Answer: The Employee Can Retain the Earlier Priority Date in a New Case.

In order to sponsor this employee, the new employer will have to file a new green card case starting from the beginning, with a new labor certification and a new I-140 Petition. However, because the previously-filed I-140 Petition was approved, this individual may be able to take advantage of the earlier priority date from the first case. This priority date can be “transferred” to the new case at the I-140 stage. The fact that the new position is different from the position for which he has initially been sponsored is irrelevant to this scenario. The two positions do not have to be similar or even related in order for the sponsored employee to benefit from the “transfer” of the priority date.

Note that this scenario is different from a situation in which a sponsored employee leaves the petitioner after his application to adjust status (I-485) has been pending for 180 days or more, the I-140 has been approved and the job duties are essentially the same or similar to the one for which he was initially sponsored. In this case, the employee may continue with his adjustment process and there is no new filing that has to be made. This is referred to as “AC21 AOS portability.”

More Information on MurthyDotCom on Transfer of Earlier Priority Dates and AC21

Because some individuals may be confused about the application of priority date “transfers” and “AC21 portability,” it is helpful to contrast the two. More information on both of these topics can be found on MurthyDotCom, including our article, AC21 Frequently Asked Questions (14.May.2002; updated 13.Jun.2010), and our Start of H1B Employment and Transfer of Priority Dates: MurthyChat Q&A (08.Oct.2010). In case of priority date transfer, a new filing is required, but no I-485 application or similarity in job duties is necessary. In an AC21 AOS scenario, the I-485 application has to be pending at least 180 days and the job duties have to be in a same or similar classification, but there is no need to file a new green card case. In both cases, the immigrant petition (I-140) has to be approved for the sponsored individual to benefit.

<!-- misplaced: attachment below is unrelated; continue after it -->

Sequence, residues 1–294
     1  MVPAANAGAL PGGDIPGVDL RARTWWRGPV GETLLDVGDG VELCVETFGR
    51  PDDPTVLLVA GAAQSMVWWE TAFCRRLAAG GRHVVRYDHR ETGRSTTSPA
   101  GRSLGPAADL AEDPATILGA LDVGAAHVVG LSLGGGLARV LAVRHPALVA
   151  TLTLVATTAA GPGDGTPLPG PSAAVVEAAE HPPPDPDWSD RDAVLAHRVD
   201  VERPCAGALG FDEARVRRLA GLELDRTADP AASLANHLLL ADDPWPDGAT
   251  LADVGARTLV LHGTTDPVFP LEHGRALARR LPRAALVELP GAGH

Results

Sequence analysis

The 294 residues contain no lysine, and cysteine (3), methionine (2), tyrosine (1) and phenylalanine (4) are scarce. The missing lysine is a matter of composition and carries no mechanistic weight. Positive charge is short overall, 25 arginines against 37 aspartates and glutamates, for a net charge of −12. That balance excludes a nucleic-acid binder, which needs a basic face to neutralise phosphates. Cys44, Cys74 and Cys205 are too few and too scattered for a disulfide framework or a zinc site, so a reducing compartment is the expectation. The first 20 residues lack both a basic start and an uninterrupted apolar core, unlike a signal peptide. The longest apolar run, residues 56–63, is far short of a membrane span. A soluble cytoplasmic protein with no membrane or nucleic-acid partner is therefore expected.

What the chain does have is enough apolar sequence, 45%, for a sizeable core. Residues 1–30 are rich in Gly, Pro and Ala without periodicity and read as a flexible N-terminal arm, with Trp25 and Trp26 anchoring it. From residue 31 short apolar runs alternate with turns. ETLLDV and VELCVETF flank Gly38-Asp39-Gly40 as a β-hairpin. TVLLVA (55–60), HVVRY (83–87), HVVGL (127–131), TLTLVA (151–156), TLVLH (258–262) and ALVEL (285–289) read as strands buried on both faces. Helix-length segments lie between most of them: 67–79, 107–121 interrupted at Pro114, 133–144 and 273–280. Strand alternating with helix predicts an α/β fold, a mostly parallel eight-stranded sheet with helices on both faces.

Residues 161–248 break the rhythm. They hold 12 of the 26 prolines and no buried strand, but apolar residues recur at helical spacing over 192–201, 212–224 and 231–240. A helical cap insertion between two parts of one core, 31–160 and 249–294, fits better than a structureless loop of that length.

It should be clear from the description of possible scenarios involving a change in employment in the green card context as well as issues regarding starting a new company while in H1B status, that there are very subtle and intricate issues that need to be taken into account when one wants to make a career change, change employers, or start a new company. It is advisable to discuss your particular situation with a knowledgeable, experienced immigration attorney to avoid a violation of status or an unnecessary setback in your immigration case.

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Disclaimer: The information provided here is of a general nature and may not apply to any specific or particular circumstance. It is not to be construed as legal advice nor presumed indefinitely up to date.